Allopatry and parapatry in hairstreak butterflies (Lycaenidae, Eumaeini) with uniform male sexual structures


Paul M. Thompson & Robert K. Robbins
Department of Entomology, PO Box 37012, NHB Stop 105, Smithsonian Institution, Washington, DC 20013-7012 USA
pmthomp@aol.com, RobbinsR@SI.edu

The Journal of Research on the Lepidoptera

Volume 49: 53-68

ISSN 0022-4324 (print)
ISSN 2156-5457 (online)

Abstract. An unusual characteristic of the Electrostrymon guzanta species complex is that its male primary and secondary sexual structures are uniform. Eumaeine taxonomy is often based on variation of these structures, and the taxonomy of this group is unresolved. Evolutionary changes in sexual structures are often hypothesized to promote reproductive isolation among closely related sympatric species, and the incidence of sympatry in this complex would be predicted to be low. To resolve the taxonomy and to assess the sympatry prediction, individuals of this species complex were partitioned into wing phenotypes based upon 21 qualitative characters, which were coded. We also measured 6 quantitative characters, which were analyzed with logistic regression. To determine the distinctiveness of phenotypes, the coded characters were analyzed with maximum parsimony because it provides the most efficient summary of the data. It also provides a hypothesis of character state evolution. Based on these results, the taxonomy of the E. guzanta species complex, including its nomenclature, was updated. Electrostrymon thurman Thompson & Robbins, new species, is named for high elevation individuals of the species complex from Costa Rica and western Panama (type locality). Chimeric holotypes of Kisutam simplisis K. Johnson & Kroenlein, 1993 and Angulopis strymonotis K. Johnson & Kroenlein, 1993 are restricted under ICZN article 73.1.5, and the latter name is synonymized with Electrostrymon joya (Dognin, 1895), new synonym. As predicted, the incidence of sympatry in the E. guzanta species complex is low. Three of the four species in the complex—E. guzanta, E. thurman, and E. perisus—are allopatric. The distribution of the fourth member of the species complex, E. denarius, overlaps that of E. guzanta and that of E. thurman, but it occurs at lower elevations (statistically significant). The theory of hybridization parapatry proposes areas of distributional overlap where there is reproductive interference. Data on reproductive interference are yet needed to determine whether this distributional overlap accords with the prediction of parapatry.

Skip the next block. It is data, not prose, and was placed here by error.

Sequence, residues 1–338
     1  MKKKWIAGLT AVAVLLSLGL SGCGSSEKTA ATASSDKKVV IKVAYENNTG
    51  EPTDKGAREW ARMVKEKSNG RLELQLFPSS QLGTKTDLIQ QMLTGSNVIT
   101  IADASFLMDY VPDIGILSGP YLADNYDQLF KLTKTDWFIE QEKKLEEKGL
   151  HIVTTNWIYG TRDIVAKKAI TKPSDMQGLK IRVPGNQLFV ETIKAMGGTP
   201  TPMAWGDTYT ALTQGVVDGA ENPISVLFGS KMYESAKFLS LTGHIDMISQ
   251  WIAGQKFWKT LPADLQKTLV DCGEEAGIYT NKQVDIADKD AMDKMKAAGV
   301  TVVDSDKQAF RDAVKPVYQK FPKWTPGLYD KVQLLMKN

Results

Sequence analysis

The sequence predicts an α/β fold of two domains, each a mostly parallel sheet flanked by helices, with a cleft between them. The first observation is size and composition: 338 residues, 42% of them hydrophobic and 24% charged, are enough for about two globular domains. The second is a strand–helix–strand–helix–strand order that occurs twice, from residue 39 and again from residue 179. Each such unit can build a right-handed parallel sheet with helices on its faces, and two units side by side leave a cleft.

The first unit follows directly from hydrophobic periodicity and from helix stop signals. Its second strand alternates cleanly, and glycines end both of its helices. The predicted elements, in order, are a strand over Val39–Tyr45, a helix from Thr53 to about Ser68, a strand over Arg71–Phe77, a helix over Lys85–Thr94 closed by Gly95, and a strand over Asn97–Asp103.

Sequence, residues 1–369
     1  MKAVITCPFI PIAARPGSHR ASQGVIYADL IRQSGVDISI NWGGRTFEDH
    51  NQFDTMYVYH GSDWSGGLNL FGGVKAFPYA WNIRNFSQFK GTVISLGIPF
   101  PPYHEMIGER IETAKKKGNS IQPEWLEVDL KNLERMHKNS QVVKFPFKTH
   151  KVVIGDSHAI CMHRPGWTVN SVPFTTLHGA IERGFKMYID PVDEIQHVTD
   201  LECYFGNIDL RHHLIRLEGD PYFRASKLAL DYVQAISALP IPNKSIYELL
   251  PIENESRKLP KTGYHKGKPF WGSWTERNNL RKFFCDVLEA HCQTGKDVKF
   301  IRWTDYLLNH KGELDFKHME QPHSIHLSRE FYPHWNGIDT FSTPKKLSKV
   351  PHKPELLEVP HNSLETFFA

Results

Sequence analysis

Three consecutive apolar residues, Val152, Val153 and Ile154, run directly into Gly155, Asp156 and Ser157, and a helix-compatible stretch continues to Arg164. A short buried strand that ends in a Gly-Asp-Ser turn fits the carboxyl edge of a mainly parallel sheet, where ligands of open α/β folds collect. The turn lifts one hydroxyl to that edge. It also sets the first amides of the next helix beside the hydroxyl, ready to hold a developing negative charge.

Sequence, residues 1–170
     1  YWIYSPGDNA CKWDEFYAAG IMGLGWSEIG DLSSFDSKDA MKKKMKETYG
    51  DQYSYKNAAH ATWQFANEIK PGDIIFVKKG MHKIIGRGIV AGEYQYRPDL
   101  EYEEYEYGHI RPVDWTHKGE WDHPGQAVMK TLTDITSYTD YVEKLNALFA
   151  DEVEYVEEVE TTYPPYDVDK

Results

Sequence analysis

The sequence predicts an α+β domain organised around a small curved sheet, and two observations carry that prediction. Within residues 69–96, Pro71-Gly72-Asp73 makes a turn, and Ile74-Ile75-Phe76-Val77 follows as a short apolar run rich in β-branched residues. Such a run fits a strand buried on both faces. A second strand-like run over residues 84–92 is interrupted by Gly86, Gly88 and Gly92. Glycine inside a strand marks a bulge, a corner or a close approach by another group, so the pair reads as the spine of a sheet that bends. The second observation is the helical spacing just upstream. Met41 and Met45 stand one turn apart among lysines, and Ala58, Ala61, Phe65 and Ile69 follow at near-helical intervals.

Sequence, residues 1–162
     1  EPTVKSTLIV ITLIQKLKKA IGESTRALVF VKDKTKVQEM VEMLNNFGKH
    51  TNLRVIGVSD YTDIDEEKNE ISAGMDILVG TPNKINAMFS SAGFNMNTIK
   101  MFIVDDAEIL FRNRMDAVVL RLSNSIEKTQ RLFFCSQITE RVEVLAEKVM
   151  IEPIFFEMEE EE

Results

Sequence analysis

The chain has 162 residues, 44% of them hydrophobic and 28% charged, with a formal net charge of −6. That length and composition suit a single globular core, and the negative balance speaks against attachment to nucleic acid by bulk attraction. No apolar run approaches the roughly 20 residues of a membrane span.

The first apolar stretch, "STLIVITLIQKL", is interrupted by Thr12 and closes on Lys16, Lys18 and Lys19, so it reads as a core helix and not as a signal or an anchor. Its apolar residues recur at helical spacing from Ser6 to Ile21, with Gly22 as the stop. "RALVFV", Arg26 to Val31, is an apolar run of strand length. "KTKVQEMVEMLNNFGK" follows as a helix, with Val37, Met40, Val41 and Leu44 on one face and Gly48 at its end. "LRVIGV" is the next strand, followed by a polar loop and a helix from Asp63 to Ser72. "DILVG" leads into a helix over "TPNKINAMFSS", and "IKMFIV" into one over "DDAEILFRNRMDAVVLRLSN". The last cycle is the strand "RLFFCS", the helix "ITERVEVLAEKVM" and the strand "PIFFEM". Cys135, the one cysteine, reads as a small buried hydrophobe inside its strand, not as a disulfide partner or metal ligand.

Key words: Calycopidina, Electrostrymon, hybridization parapatry, guzanta, thurman, secondary sexual structures.

Received: 22 February 2016
Accepted: 6 May 2016

Published online at www.lepidopteraresearchfoundation.org on 17 August 2016

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